Concern for where my head was disappeared moments later, thanks to the muffled sound of gunfire.

Soon after, the backdoors swung open and bright light flooded inside. Through the blinding light threatening to incinerate my retinas, two City warriors—our rescuers—stood by the door, aiming their weapons inside.

“…in… air…” I heard one discombobulated voice say.

“…slowly… at a time…” I caught the other discombobulated voice adding.

I watched the others as they put their hands into the air, then walked single file towards the exit. I extended my arms above my head and joined the queue.

As I stepped out of the truck, bright neon lights assaulted my eyes. We were in a city (not to be confused with ‘the City’) that I didn’t recognise, in a back-end street. Warriors surrounded the truck, guns aimed at all of us as the light littered my vision with sunspots. After a week spent in the dark, my eyes weren’t incredibly fond of the adjustment; a situation made a hundred times worse than the drugs coursing through my system.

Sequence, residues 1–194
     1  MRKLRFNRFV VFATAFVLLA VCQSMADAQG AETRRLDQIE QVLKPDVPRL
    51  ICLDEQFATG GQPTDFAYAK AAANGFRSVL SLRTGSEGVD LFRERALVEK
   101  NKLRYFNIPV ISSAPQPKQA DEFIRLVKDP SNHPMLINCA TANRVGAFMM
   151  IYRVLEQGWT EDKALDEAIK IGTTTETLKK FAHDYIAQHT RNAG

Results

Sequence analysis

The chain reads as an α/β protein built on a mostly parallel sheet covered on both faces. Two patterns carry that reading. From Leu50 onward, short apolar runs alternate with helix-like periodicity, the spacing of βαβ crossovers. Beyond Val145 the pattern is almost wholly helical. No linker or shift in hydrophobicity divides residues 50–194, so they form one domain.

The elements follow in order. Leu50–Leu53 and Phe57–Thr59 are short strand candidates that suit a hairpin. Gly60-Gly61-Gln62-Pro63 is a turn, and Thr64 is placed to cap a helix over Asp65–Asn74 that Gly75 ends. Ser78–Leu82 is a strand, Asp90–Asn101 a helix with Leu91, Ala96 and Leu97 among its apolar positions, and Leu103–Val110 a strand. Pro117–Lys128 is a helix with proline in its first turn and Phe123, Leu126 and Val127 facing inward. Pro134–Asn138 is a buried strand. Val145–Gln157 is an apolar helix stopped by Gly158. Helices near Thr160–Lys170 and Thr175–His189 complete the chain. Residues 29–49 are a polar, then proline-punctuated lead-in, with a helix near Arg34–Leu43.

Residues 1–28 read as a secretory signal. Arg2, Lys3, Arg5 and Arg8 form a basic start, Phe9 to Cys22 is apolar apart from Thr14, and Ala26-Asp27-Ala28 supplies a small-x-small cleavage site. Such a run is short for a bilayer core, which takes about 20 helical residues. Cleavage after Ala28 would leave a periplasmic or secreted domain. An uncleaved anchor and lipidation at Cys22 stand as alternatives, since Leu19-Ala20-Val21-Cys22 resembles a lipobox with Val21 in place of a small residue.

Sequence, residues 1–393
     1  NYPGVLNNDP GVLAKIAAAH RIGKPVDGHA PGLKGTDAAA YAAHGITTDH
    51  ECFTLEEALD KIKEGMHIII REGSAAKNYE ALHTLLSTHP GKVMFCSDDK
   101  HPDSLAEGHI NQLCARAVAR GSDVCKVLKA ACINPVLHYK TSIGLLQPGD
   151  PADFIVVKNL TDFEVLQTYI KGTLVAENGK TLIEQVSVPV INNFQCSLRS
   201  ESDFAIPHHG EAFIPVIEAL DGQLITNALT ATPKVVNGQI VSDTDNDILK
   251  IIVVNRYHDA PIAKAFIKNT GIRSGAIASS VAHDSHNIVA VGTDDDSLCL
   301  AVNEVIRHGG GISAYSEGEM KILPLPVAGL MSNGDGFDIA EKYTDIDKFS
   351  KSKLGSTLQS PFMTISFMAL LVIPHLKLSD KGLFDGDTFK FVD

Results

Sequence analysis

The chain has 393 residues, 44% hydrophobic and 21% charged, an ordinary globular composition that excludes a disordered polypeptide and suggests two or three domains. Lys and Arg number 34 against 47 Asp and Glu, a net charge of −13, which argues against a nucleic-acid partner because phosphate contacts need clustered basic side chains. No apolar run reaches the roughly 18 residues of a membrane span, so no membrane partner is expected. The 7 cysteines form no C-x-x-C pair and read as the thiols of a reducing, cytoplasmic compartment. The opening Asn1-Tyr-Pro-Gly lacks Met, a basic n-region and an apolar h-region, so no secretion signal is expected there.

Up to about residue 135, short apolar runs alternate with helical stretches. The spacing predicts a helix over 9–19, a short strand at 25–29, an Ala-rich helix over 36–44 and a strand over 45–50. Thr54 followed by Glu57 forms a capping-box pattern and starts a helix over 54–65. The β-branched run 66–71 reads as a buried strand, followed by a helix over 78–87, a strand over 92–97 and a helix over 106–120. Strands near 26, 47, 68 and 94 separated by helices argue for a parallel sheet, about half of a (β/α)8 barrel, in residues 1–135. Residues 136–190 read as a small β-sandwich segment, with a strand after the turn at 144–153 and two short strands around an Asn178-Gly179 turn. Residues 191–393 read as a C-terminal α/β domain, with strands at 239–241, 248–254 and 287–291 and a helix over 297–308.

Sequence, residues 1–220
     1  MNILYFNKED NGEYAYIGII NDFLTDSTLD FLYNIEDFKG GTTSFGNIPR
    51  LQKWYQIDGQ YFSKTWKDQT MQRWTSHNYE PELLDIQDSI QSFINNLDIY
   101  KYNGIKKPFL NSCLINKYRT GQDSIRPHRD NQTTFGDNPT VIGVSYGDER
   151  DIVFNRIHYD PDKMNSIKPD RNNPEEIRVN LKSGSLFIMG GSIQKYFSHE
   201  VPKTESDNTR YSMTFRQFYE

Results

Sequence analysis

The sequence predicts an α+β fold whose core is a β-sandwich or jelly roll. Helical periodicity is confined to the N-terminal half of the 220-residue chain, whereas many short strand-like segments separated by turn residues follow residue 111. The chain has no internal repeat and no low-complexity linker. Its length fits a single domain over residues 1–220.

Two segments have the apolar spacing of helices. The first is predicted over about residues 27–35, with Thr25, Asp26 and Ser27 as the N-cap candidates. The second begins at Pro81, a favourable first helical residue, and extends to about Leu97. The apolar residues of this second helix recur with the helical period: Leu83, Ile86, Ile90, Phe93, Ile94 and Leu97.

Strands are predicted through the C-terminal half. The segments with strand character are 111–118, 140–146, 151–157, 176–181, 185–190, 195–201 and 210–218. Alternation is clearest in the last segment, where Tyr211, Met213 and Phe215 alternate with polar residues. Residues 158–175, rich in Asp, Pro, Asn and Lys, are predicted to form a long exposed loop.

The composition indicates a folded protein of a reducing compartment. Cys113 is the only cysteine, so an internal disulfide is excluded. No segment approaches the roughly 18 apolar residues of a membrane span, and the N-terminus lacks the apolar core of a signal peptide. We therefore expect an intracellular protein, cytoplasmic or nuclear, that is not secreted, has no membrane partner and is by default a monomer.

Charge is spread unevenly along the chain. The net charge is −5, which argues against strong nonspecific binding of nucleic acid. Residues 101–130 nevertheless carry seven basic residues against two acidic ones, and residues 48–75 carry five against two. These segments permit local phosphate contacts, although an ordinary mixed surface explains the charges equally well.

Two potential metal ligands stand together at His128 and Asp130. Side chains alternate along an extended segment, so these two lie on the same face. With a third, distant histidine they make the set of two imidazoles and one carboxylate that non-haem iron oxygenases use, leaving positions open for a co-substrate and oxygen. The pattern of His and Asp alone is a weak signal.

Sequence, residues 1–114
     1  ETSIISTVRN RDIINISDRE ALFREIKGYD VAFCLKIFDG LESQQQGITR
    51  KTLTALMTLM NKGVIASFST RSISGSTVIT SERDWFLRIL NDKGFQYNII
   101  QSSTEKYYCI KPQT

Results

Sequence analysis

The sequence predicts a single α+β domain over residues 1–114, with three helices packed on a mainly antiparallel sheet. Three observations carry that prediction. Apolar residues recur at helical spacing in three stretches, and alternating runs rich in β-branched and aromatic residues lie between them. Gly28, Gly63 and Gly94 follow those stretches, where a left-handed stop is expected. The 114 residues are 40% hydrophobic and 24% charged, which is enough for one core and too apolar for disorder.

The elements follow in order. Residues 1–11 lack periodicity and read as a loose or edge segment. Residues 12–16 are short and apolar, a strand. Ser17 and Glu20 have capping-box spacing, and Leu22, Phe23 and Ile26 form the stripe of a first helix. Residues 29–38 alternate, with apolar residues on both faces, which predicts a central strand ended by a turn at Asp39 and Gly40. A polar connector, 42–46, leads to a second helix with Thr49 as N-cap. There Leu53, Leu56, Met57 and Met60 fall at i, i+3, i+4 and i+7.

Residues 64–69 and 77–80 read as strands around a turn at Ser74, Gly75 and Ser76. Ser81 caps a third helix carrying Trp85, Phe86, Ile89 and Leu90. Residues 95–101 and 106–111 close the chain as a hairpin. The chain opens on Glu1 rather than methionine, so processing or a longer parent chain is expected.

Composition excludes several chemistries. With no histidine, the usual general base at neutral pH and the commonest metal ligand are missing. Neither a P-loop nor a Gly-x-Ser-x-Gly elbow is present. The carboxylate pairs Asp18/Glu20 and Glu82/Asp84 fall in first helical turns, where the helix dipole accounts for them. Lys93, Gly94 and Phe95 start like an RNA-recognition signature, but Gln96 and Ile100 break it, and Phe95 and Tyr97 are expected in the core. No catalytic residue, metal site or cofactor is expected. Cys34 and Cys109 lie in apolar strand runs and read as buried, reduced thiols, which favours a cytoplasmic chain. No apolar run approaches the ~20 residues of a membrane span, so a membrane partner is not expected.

As the warriors separated the children from the adults and ushered us towards a skybus, I hazily complied. The warriors led me to a seat where I could sit comfortably for the first time in a week. It was cushioned, and felt like I was sitting on a cloud in the sky, and that wasn’t the drugs talking. It felt like no time went by before the doors to the bus hissed closed and it took to the sky, where I was to be among those clouds I was sitting on (that was the drugs talking).

As we left the ground and looked outside the windows, I saw my parents. They stood with all the other adults, arms raised.

For years, I was left wondering what happened to Mum and Dad. I was sure they loved me in their own way, but they tried to remove me from the City’s care. Maybe they did love me, but because of their fear of the unknown, they made a mistake.

A huge fucking mistake that the City was going to ensure they paid for.